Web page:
I don't make cabinets out of mdf. MDF is much too heavy and does not
hold fasteners well enough to stand the test of time.
High grade, water resistant MDF in painted doors and drawer fronts in
some styles, like European slab doors and drawer fronts, yes.
Some things simply work well for a targeted purpose ... like using
pocket hole joinery for cabinet face frames.
I went to a local high quality lumber shop used mostly by cabinet
makers. I was all set to buy the Birch despite its 3x cost.
I started chatting with one of the managers mentioning that I was told
that Poplar "ain't what it used to be" -- and the manager told me that
while he would love to sell me the higher priced Birch, in his
experience Poplar is both more stable and more workable than Birch. A
couple of customers within earshot agreed... so maybe the issue with
Poplar is a regional one or maybe it depends on the quality of the
The Poplar was prety cheap ($1.67 per lineal foot for 1x6), high
quality and already S4 so I went with the Poplar rather than paying
$5.50 per bf for S3 birch (that was still rougher than the nicely milled
Word to the wise ... a salesman (someone "selling" you something) in any
business having to do with construction, and particularly cabinetmaking,
lumber yards or otherwise, is never to be trusted ... they're like
politicians when it comes to there lips moving. :)
A good rule to follow: Whenever a salesman advises, ask to see an
example of _his_ work in that regard.
Better to ask a cabinetmaker, or better yet, a cabinet door maker (where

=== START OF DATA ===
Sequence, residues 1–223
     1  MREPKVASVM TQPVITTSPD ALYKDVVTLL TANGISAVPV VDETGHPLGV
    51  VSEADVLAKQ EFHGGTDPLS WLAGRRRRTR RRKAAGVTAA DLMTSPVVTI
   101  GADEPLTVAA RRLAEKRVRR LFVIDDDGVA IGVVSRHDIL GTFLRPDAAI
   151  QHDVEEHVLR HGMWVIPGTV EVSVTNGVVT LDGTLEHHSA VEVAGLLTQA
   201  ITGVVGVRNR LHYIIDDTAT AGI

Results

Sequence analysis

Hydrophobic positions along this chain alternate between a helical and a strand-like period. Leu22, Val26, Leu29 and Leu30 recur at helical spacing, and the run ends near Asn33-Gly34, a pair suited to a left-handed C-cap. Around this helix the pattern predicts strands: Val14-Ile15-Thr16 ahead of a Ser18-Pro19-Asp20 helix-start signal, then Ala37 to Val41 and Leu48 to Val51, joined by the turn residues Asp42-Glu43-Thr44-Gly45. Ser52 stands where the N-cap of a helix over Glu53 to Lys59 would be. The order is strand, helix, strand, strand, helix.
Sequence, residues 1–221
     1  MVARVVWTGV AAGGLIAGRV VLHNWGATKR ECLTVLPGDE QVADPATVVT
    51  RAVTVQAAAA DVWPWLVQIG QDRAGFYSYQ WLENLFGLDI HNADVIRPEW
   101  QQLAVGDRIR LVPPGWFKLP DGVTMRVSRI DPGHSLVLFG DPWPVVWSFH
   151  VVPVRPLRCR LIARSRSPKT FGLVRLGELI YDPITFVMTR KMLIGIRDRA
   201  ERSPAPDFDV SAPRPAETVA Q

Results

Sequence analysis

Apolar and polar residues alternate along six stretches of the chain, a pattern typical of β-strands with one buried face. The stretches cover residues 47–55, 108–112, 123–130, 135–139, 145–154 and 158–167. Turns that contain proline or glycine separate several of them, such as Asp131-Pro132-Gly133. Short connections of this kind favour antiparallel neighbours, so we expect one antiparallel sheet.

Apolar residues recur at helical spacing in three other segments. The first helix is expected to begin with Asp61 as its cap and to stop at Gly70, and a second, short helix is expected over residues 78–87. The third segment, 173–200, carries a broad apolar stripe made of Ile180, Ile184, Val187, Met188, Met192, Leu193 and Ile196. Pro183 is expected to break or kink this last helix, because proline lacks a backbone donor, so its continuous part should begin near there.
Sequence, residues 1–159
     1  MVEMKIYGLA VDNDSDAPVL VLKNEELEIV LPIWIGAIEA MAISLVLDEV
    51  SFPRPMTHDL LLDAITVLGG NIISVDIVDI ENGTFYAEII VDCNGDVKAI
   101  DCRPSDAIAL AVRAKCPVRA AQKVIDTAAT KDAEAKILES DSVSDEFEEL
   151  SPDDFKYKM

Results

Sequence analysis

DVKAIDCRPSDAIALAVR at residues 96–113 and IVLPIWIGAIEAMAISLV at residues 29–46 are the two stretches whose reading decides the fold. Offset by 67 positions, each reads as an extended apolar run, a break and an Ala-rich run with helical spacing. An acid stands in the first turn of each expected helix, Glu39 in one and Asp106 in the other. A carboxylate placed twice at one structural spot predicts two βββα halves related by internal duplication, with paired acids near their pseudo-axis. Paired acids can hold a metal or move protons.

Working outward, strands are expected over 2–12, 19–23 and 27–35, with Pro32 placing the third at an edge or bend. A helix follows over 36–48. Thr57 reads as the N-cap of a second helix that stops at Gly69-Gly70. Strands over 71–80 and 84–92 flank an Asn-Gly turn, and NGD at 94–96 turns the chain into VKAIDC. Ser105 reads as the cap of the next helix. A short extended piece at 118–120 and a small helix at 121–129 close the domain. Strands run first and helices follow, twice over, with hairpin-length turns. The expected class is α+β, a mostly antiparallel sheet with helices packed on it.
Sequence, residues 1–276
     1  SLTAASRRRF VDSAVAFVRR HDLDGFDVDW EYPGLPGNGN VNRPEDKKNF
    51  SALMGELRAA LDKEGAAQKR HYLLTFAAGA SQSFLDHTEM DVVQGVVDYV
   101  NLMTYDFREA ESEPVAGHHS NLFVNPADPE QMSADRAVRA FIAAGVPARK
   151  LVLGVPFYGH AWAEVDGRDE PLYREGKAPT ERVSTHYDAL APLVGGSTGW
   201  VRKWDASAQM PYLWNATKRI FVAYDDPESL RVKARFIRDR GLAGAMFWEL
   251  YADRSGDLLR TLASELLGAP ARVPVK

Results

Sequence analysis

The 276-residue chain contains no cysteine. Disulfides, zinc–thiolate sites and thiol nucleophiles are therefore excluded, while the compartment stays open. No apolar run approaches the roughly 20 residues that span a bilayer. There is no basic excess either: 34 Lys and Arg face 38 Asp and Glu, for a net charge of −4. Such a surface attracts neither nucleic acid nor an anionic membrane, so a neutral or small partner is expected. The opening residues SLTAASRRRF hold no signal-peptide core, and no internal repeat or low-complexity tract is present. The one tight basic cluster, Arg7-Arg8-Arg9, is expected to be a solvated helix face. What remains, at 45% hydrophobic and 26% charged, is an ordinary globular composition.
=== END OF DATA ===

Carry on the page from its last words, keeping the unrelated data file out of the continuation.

quality and material choice will totally make or break the deal), one
who cares about their product, what they use.
(and at least two have already advised you in that regard) <g>
The price is generally a good indicator of material quality in this
business. There is a big difference between inexpensive and "cheap" ...
your words. Not that the cheaper material will all be bad, but you
generally have to buy much more of it, and the risk of having to redo
work because of inherent instability will make it more expensive in the
That notwithstanding, the odds are you should be just fine for your
one-off cabinet face frame, mainly because a face frame is constrained
in movement by attachment to the cabinet panels.
(However, it only takes one, constrained or not, to ruin an entire run
in a $60K kitchen, so those who care do not use price as the ultimate
factor in choosing material).
However, should you use that "cheap" (your words) poplar he sold you for
your cabinet door frames, I will guarantee that one of every three will
bow/warp to some extent in the not too distant future.
Did you pick out the wood yourself, and more importantly, do you know
what to look for?
If you know what to look for you can indeed reduce your odds of that
happening, but not as significantly with today's poplar as you can with
other wood species.
In any event, you should likely be OK, and good luck with your project.